I’m sure you are familiar with our instinctive fight or flight response to immediate threat. What you might not be aware of is the third response called freeze. I’m writing about this because learning of it was incredibly helpful for me in terms of trauma recovery. Peter Levine, in his book Waking the Tiger: Healing Trauma, writes extensively about the effects of trauma and the freeze response on the human body. I strongly encourage you to read this book, but I also wanted to share some of the key points from it here.
According to Levine, there are times when we are faced with overwhelming threat but cannot fight or run from it. In the absence of any available action, our bodies go into what he calls the freeze response. He likens this to the response of an impala running from a predator. The impala is running for its life, using a huge amount of energy, and as a last ditch effort, as the predator leaps at it, it falls to the ground, playing dead. If you have experienced a trauma (and there are few of us who haven’t) where fight or flight was not an option, you may have experienced the freeze response.
Levine has a very broad definition of trauma, including medical/dental procedures as a child where you may have been terrified and unable to fight or flee, which strikes me as something fairly critical to note. Often we think of trauma only in terms of something overwhelmingly horrific, like war or seeing a loved one killed. We don’t necessarily recognize the far more common traumatic events of car accidents, abuse, medical procedures, etc. Without recognizing trauma, we have no way of addressing it. If you are experiencing any of the symptoms of the freeze response, I encourage you to read this book in order to gain a greater understanding of Levine’s definition of trauma.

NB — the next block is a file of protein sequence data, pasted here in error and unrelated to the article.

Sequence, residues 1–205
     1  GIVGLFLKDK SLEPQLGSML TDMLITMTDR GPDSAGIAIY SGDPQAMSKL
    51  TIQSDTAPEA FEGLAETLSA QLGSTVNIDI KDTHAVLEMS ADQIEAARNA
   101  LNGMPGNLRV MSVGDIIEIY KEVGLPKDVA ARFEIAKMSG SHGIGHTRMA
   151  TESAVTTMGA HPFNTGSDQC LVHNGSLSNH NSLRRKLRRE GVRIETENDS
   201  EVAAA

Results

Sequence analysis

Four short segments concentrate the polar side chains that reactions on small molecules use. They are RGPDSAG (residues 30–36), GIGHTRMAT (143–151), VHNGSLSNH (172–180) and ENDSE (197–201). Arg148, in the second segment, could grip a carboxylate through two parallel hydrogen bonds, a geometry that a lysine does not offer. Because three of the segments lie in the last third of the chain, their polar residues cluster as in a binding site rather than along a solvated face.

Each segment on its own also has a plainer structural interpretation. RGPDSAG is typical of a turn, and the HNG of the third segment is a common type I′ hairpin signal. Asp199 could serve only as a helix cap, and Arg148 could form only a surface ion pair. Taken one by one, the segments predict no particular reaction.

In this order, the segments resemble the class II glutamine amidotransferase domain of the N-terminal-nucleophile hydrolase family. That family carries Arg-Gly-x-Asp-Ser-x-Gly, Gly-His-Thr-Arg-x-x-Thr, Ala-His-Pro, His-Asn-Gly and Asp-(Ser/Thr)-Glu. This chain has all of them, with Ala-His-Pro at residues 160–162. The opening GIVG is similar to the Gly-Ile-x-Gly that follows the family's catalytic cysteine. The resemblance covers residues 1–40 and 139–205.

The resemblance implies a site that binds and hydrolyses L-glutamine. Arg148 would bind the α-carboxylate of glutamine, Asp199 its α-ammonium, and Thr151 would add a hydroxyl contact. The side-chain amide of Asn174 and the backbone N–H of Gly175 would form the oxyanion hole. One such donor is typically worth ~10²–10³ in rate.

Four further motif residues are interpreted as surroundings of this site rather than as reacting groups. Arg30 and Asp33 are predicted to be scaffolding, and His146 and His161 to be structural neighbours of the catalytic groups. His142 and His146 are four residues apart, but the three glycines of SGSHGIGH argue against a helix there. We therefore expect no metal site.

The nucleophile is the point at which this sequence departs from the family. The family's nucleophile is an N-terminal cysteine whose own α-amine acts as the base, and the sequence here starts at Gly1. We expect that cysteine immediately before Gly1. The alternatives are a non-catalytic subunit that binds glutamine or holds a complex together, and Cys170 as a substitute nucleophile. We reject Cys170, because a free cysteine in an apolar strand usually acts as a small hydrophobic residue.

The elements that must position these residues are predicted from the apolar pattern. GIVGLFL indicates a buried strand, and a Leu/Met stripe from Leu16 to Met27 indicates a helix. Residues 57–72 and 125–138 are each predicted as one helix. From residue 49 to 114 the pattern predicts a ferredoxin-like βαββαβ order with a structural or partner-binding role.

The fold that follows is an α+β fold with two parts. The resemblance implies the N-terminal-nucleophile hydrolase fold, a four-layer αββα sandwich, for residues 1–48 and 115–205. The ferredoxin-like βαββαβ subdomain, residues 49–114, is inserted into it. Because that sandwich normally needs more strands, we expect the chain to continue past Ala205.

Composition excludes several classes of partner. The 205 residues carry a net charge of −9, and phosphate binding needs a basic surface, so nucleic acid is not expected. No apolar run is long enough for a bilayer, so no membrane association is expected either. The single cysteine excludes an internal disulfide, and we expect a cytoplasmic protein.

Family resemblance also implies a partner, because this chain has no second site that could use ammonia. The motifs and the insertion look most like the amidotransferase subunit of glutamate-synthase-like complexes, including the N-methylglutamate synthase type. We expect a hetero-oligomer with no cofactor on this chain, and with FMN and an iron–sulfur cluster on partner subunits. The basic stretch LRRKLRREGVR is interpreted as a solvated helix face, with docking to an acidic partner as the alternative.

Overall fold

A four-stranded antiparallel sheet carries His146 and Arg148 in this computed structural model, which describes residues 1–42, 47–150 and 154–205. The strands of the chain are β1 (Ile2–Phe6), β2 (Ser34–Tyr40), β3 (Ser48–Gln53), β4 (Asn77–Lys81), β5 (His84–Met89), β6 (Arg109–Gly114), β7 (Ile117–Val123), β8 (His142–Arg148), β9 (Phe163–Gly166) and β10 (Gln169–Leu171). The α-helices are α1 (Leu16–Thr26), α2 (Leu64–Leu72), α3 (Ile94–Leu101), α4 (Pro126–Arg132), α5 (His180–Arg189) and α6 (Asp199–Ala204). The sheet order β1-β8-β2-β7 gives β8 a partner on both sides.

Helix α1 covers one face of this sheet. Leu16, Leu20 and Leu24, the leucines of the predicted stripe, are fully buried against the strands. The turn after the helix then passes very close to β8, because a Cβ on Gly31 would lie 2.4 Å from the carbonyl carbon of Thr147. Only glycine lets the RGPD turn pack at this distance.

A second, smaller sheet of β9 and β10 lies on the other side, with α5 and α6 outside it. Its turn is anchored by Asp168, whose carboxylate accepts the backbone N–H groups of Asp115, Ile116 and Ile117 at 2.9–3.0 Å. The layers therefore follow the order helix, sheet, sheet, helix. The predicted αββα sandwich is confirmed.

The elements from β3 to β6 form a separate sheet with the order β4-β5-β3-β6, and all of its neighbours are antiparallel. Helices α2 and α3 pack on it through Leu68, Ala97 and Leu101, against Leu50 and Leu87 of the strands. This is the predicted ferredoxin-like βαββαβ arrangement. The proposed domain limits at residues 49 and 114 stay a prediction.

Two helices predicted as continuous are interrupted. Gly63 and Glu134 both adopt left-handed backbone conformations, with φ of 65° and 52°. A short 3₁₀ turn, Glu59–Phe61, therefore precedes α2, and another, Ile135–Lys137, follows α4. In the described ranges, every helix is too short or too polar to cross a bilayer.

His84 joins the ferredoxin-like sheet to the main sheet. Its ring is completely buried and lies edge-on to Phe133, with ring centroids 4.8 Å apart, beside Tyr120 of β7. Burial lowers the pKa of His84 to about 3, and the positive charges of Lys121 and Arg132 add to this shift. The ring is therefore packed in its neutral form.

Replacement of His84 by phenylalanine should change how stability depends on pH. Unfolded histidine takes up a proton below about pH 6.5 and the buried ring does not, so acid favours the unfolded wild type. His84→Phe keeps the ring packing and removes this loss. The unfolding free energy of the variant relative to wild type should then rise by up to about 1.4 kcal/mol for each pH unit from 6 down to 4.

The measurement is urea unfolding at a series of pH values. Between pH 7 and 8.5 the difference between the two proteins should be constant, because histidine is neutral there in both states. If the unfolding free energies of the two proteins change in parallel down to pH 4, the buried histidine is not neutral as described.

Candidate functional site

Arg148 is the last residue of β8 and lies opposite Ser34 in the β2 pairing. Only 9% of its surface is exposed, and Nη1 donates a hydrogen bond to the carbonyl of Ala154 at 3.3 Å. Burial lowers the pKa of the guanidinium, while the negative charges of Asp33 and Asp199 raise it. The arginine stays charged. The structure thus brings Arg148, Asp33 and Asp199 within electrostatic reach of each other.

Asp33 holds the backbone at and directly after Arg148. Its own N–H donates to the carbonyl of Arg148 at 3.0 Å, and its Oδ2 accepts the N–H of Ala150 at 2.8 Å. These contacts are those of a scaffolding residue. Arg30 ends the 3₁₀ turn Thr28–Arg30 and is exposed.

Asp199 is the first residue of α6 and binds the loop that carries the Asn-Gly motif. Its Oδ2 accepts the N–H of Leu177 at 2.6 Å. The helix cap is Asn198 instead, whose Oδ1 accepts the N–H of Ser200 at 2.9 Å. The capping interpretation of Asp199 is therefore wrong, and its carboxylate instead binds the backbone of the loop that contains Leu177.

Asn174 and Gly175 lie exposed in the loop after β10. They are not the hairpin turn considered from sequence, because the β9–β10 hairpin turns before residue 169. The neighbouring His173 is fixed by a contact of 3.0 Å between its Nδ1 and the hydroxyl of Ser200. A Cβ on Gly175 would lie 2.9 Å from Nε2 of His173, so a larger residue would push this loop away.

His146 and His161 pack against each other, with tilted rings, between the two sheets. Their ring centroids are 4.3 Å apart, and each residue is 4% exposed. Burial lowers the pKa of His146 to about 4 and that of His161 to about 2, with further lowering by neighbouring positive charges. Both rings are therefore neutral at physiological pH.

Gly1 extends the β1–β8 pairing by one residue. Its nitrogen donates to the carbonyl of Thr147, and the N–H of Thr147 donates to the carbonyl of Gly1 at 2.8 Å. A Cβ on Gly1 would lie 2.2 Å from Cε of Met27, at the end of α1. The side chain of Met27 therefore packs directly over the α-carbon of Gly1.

In animals, it’s easy to see the freeze response – the animal will simply fall to the ground, appearing dead. If lucky, the predator may lose interest or attempt to move the animal, providing an opportunity for escape. When the prey animal escapes, it goes through a prolonged period of shaking…and then it is fine. When humans experience the freeze response, we don’t drop to the ground and play dead; instead, we mentally leave our bodies, dissociating from our present experience. According to Levine, it is not the trauma that causes the lifelong suffering – it’s our inability to “complete” the traumatic experience by getting out of the freeze response. Trauma is stored in our physical body; it is a physiological response, and for the majority of us, the ‘completion’ of our response is interrupted by our rational thinking. That leaves us in a perpetual state of fear and anxiety, and sadly often draws us to events and situations where we may have the opportunity to resolve the trauma – though often we simply end up re-traumatized.
Levine has come up with his own brand of trauma healing, which does not involve talking through or reliving traumatic memories, called Somatic Experiencing™. There are several other methods available, including hypnotherapy and trauma shaking, that directly address the intense energy stored in the body without going through memories. Though I personally would recommend having a relationship with a therapist if you are going to try any of them just in case you need additional support, but you all know by now I’m a therapy junkie.
There is no way I can cover this very rich book in one blog post, but I am putting this out there in case you or someone you love is riddled with fear and anxiety and doesn’t seem to be able to let go of it, no matter the circumstances. It is a profoundly powerful and hopeful book, and I can’t recommend it enough. Hope it helps you as much as it did me!